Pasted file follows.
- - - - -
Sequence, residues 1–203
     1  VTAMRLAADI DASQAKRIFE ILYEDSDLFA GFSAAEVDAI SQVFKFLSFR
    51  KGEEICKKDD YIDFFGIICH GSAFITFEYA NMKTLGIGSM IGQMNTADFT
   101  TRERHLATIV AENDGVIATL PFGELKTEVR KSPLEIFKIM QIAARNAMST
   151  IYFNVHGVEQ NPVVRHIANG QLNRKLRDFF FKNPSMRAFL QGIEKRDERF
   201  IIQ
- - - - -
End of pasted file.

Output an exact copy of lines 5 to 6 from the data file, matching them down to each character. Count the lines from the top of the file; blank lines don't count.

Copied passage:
   151  IYFNVHGVEQ NPVVRHIANG QLNRKLRDFF FKNPSMRAFL QGIEKRDERF
   201  IIQ